More Wyomingites are buckling up
by Wyoming Department of Transportation (WYDOT)
October 15, 2007
WYDOT's 2007 seat-belt-use survey observed 70 percent of Wyoming drivers and front-seat passengers buckled up, an increase of nearly 12 percentage points or 20 percent from the rate observed in 2006.
However, despite the significant improvement, Wyoming's seat-belt-use rate remains below the national rate of 81 percent, and nearly two-thirds of the people killed on the state's roads last year were not buckled up.
The Wyoming seat-belt-use rate was recorded during a visual survey of more than 22,000 vehicles at 207 sites in nine counties during June. The survey is funded annually by the National Highway Traffic Safety Administration through WYDOT's Highway Safety Program. The large number of vehicles observed gives the statewide survey results a standard error of plus or minus 1 percent.
Seventy-seven percent of the vehicles observed had Wyoming license plates, and 70 percent of drivers and front-seat passengers in those vehicles were buckled up. In vehicles with out-of-state plates, 83 percent of the occupants were buckled up. When observations for in-state and out-of-state vehicles were combined, the overall seat-belt-use rate was 72 percent, up nearly 9 percentage points or 14 percent from last year's survey.
"It's very gratifying to see seat-belt use in Wyoming increasing, because buckling up is the simplest and most effective thing anyone can do to improve their chances of escaping injury or death if they are involved in a crash," said Matt Carlson, WYDOT's state highway safety engineer. "But if 70 percent of Wyoming motorists are buckling up, that means 30 percent still are not safely restrained. We'll continue to work to raise awareness and encourage all motorists to buckle up."
Wyoming law requires drivers and passengers to be properly restrained in seat belts or child safety seats. The fine for any unbelted or improperly belted driver is $25, and for each passenger it is $10. The penalty for not properly restraining a child is $50 for a first offense and $100 for a second.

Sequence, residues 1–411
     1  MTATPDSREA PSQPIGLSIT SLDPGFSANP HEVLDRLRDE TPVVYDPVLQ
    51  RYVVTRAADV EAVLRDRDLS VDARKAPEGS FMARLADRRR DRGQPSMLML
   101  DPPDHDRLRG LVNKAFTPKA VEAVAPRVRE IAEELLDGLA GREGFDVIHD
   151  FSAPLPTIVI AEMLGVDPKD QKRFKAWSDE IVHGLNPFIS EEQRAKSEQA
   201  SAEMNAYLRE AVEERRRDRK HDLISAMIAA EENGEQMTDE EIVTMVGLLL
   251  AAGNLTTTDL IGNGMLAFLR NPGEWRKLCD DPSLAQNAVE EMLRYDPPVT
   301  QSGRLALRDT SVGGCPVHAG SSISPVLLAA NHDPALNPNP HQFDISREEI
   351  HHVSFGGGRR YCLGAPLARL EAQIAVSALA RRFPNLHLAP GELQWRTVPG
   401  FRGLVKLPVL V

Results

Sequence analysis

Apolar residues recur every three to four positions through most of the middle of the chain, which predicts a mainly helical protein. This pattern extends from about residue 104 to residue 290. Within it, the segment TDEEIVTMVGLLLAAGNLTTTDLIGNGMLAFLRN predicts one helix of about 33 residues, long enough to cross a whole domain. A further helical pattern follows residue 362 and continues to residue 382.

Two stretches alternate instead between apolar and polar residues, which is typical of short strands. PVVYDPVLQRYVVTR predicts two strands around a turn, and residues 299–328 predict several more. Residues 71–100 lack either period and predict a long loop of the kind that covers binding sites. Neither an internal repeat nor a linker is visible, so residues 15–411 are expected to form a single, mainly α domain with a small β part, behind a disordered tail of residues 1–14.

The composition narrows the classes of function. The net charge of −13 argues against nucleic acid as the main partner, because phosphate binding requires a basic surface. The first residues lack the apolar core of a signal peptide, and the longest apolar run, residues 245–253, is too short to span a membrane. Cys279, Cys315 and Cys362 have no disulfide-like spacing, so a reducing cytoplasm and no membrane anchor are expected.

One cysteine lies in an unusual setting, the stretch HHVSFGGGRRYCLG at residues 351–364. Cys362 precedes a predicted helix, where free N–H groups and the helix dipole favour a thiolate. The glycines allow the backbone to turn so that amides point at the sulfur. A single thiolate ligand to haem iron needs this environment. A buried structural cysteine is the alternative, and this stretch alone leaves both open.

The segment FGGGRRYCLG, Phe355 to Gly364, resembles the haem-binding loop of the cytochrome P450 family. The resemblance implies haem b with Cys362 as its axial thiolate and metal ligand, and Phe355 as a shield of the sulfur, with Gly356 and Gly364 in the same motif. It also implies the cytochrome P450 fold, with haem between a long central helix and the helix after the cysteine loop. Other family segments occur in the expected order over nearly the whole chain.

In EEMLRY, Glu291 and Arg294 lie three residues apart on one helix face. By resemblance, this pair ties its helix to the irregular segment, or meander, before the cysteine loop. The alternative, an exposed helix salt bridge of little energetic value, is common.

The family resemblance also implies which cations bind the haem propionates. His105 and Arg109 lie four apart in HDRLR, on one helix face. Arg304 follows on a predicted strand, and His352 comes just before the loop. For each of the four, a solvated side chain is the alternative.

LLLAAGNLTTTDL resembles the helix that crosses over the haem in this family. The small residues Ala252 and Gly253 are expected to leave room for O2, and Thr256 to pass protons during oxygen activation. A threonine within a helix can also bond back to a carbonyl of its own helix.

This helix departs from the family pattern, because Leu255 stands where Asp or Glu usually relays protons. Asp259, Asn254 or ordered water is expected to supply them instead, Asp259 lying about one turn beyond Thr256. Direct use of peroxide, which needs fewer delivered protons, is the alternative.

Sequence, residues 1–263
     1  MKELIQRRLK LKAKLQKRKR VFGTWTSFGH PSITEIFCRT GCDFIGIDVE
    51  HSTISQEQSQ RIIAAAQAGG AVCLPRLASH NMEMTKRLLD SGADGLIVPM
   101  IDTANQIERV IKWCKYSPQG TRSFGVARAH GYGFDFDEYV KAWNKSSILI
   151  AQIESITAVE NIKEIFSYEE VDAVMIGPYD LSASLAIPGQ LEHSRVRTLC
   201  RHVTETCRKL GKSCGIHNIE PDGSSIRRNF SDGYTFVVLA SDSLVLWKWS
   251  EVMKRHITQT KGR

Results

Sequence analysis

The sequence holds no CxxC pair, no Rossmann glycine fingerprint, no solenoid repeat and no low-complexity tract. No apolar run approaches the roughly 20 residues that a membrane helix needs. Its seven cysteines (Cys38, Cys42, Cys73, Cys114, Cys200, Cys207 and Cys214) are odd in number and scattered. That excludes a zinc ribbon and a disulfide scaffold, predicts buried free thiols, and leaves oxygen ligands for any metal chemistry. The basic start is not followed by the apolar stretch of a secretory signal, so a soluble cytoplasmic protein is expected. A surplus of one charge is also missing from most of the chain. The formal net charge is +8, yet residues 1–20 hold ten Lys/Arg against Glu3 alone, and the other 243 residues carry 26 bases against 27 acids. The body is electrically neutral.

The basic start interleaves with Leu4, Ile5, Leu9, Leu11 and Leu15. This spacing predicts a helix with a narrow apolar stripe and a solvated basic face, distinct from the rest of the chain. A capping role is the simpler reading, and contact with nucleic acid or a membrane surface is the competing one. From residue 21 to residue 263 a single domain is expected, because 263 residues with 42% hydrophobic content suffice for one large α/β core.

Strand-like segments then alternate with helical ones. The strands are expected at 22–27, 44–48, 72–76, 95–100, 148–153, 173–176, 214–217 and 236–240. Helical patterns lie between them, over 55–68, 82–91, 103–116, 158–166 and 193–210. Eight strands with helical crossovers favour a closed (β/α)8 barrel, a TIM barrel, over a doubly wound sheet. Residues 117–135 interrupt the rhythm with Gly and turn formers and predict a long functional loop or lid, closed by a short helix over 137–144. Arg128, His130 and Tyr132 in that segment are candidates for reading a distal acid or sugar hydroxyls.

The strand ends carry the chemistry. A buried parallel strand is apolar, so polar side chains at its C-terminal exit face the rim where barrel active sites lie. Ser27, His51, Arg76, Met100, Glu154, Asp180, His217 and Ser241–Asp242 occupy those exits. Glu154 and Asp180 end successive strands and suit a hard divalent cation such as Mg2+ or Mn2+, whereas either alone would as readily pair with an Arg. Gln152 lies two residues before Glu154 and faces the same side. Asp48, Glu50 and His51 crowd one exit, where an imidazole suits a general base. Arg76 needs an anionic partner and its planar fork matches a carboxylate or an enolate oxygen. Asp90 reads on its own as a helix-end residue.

Teton County had the highest observed seat-belt-use rate in the state at 97 percent, an increase of 23 percentage points over the rate observed last year. Significant increases also were recorded in Albany, Natrona and Sheridan counties, which were among the counties WYDOT's Highway Safety Program targeted with media campaigns encouraging seat-belt use. The campaigns used television, radio and newspapers, and were targeted primarily at male pickup drivers ages 18-34, because they have had the lowest belt-usage rate.
"Having sustained seat belt campaigns in targeted counties throughout the year has demonstrated to have a positive impact on the statewide usage rate, " said Dee West Peterson, highway safety grants coordinator. "The campaigns focused on law enforcement, community and media. The target counties were selected by combining three criteria: high fatality rates, low seat belt usage and population base."
Another possible contributing factor to the higher belt use was increased law enforcement presence on the highways in June, made possible by safety grants allowing officers to work overtime during peak travel periods.
Pickups accounted for nearly one-third of all the vehicles observed statewide, and 63 percent of drivers and passengers in them were buckled up. That's an increase from the 52 percent observed in 2006, but still the lowest usage rate of all the vehicle types surveyed. Motorists in vans had the highest usage rate at nearly 81 percent, followed by sport utility vehicles at 79 percent and passenger cars at 74 percent.
The overall belt-use rate was lower in counties where pickups made up a higher percentage of the vehicles observed. Campbell County, with one of the highest percentages of pickups, had the lowest overall belt use at 49 percent, down from 57 percent in 2006. The belt-use rate for drivers and passengers in pickups in Campbell County was only 40 percent.
"The lower rates of seat-belt use for occupants of pickup trucks, combined with the dominance of males for pickup truck observations, and the high proportion of pickup trucks, seemed to have a pronounced effect on overall seat-belt use for Wyoming," the survey report says.
The survey also found that women (81 percent) were more likely to buckle up than men (66 percent), passengers (77 percent) were more likely to buckle up than drivers (71 percent), and motorists driving in rural areas (79 percent) were more likely to buckle up than those in urban areas (71 percent).
Overall seat-belt-use rates found in the counties where observations were made were:
- Albany, 81 percent;
- Campbell, 49 percent;
- Goshen, 59 percent;
- Laramie, 83 percent;
- Natrona, 65 percent;
- Park, 69 percent;
- Sheridan, 75 percent;
- Teton, 97 percent.